How Much of a New Product Do You Buy?
By Jon and Matt Schreibfeder

Last month we introduced a new product questionnaire to help you effectively control the process of
adding items to your stock list. This month we will explain how to effectively decide the actual quantity
to buy of each of these new items. This decision should be based on four factors:

1) Anticipated Demand for the Item. Products can be divided into two categories: Those with
anticipated recurring usage and those with sporadic demand.

a) Recurring items will be sold or used at least once a month. Ask the person requesting a new item
be stocked for a demand forecast for the product for each of the first six months after
introduction. To ensure that these predictions are not overly optimistic, set up a review session at
the end of each of these months. If actual usage is less than 75%, or more than 125% of the
forecasted quantity, the person requesting the product should, if necessary, revise the forecasts for
subsequent months.

b) Items with sporadic demand are not expected to be sold at least once a month. Many repair parts
fall into this category. The person requesting the item be brought into stock must specify the
quantity of the product that will normally be sold or used in one transaction.

2) The Anticipated Lead Time for the Item. Once placed on a replenishment order, how long does it
take to receive a replenishment shipment from the normal source of supply?

3) The Order/Review Cycle. The order or review cycle is the frequency you place replenishment
orders with the primary source of supply.

4) The Safety Stock Quantity. This is reserve inventory you will have on hand to protect against
stockouts due to unexpectedly high demand, or delays in receiving the replenishment shipments.

Replenishment Parameters for Products with Anticipated Recurring Usage

For items with recurring usage, you should initially place an order that will cover your needs during the
order cycle, plus your safety stock quantity. The safety stock quantity is subjective, dependent on how
much “insurance stock” you want to maintain to protect against stockouts. Many organizations will start
with a safety stock quantity equal to half anticipated demand during the lead time, not to exceed a thirtyday supply:

[(Monthly Demand ÷ 30) * Order Cycle Days] + [(Monthly Demand ÷ 30) * (Anticipated Lead Time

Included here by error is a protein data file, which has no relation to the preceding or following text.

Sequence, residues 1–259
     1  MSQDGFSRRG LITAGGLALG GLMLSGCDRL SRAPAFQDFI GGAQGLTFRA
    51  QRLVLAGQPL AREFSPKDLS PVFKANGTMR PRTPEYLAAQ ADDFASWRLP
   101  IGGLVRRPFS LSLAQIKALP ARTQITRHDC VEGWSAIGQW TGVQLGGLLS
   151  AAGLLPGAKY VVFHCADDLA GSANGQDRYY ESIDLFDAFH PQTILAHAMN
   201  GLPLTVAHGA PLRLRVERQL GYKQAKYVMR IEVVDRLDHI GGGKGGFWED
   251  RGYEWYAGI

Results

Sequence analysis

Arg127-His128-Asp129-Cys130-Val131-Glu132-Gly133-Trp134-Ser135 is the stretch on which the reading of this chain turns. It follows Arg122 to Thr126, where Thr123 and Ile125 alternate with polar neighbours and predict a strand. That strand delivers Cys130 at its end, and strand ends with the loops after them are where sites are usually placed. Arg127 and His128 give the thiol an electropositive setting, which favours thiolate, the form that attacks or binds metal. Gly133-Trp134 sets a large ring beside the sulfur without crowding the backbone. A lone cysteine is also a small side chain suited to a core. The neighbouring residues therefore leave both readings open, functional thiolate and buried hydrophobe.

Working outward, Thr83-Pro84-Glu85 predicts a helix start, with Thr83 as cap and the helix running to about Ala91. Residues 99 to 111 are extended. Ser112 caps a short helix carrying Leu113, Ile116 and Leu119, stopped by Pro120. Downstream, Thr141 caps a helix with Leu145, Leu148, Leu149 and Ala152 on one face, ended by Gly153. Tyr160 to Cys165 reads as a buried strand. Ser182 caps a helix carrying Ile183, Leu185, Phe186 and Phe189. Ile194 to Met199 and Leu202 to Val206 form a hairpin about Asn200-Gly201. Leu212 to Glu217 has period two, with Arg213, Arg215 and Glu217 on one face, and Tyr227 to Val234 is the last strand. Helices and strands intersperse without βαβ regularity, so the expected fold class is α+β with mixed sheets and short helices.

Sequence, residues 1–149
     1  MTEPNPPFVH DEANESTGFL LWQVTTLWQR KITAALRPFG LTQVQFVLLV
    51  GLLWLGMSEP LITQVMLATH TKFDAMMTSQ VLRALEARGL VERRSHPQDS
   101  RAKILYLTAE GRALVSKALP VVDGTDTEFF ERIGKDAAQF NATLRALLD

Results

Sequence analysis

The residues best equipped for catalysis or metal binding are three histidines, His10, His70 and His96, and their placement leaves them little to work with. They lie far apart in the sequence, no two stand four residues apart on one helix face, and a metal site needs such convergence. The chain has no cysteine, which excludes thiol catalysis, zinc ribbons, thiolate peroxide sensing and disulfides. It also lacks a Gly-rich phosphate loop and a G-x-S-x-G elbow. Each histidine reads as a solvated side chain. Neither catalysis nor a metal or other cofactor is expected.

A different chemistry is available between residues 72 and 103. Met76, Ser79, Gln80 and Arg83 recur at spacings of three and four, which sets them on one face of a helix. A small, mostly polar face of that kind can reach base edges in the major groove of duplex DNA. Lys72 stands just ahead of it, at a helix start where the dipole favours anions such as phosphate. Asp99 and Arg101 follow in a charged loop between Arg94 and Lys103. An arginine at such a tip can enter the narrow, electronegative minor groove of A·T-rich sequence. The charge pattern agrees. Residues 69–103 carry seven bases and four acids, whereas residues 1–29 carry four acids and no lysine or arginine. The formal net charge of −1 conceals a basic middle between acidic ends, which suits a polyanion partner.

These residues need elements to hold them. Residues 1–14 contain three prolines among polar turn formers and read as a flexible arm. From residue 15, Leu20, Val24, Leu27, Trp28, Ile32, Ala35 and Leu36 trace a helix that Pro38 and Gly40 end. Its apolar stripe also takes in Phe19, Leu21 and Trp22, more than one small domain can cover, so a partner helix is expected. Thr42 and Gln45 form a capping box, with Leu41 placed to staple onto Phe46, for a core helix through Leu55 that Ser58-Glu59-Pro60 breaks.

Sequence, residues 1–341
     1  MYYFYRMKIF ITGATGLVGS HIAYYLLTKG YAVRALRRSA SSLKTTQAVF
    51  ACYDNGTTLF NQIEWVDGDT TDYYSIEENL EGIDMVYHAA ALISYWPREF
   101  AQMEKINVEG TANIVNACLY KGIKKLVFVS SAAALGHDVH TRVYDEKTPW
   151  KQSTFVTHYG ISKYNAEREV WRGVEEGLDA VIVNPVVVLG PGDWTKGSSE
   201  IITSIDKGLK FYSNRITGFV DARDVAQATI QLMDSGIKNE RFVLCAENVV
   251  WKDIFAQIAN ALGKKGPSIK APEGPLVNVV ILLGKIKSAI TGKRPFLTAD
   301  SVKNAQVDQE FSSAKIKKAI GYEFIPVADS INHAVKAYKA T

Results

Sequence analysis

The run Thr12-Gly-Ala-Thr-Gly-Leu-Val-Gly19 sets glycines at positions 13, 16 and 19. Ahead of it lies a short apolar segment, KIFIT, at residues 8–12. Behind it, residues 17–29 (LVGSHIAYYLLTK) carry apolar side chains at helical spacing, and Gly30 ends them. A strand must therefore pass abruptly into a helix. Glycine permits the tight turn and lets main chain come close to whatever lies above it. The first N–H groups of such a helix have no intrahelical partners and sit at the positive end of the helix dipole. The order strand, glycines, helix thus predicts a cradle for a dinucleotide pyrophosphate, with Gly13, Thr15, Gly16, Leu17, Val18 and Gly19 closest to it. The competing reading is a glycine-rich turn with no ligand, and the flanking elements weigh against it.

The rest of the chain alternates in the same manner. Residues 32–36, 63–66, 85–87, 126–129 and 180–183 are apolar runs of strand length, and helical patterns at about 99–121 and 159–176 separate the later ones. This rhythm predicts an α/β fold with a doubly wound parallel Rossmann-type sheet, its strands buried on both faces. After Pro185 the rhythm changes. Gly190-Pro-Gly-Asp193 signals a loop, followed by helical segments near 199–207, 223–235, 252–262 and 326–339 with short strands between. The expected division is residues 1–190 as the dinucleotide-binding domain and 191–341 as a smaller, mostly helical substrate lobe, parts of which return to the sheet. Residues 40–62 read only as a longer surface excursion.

Days ÷ 2)]

You then need to establish a reorder point or minimum quantity for these items by adding anticipated lead
time usage to the initial purchase quantity. This will let you know when you will need to reorder the
product after the initial shipment has arrive:

[(Monthly Demand ÷ 30) * Order Cycle Days] + [(Monthly Demand ÷ 30) * (Anticipated Lead Time
Days ÷ 2)] + [(Monthly Demand÷ 30) * Anticipated Lead Time Days]

The actual quantity you order once the Net Available Quantity (On-Hand – Committed + On
Replenishment Order) falls below the minimum stock quantity will be equal to the greater of the
economic order quantity or vendor package quantity. Please see other EIM articles for methods of
calculating the replenishment quantities.

Replenishment Parameters for Products with Anticipated Sporadic Usage

As we stated above, the person requesting the product be stocked must specify the quantity that will be
normally sold or used in one transaction. Determine the multiple of this normal transaction size you will
want to keep in inventory based on the anticipated lead time and order cycle for the supplier of the

If the sum of the anticipated lead time and order/review cycle is fairly short, say three to five days, you
might want to keep only one normal usage quantity in stock. That is, the target stock level would equal
one normal usage quantity. Maintain the target stock level in the minimum stock quantity or reorder point
field in your system. When your net available quantity dropped below this level, you would reorder the
product. If the sum of the anticipated lead time and order/review cycle is longer (e.g. several weeks or
months), you might want to set the minimum stock quantity or reorder point to two or three times the
normal stock quantity. You also might want to maintain a higher multiple of the normal sales/usage
quantity if the item was critical to customer service, and you wanted to maintain safety stock for the

The reorder quantity for an item with sporadic usage would be the quantity necessary to bring the net
available quantity up to the minimum or reorder point, rounded up to the next multiple of the vendor
package quantity. That is, the quantity the vendor requires you to buy.

Organizations are continually introducing new products. Buyers and computer systems have no past sales
or usage history for helping them determine how much of these products to buy and when to reorder
them. By following the rules we have discussed in this article, you can make good decisions that will
lead to having these products available for immediate delivery to your customers while not overstocking